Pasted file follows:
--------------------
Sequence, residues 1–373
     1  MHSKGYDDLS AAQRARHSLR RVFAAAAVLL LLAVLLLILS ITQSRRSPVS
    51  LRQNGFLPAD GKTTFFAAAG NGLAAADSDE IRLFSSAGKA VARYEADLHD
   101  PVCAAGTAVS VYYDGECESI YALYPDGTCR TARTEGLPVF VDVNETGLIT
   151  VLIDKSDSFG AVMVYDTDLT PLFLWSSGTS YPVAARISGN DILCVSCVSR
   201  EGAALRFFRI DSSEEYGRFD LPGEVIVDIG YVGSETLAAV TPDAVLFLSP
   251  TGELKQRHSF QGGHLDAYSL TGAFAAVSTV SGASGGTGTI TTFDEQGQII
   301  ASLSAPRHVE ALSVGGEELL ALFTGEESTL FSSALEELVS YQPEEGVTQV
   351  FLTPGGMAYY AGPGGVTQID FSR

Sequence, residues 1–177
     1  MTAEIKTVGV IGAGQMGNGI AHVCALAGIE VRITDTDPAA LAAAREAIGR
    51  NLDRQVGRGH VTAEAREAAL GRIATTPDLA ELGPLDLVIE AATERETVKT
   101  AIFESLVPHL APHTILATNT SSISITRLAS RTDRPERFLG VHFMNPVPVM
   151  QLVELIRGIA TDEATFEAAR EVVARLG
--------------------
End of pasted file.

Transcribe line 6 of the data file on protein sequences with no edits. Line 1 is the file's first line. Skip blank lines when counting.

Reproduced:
   201  EGAALRFFRI DSSEEYGRFD LPGEVIVDIG YVGSETLAAV TPDAVLFLSP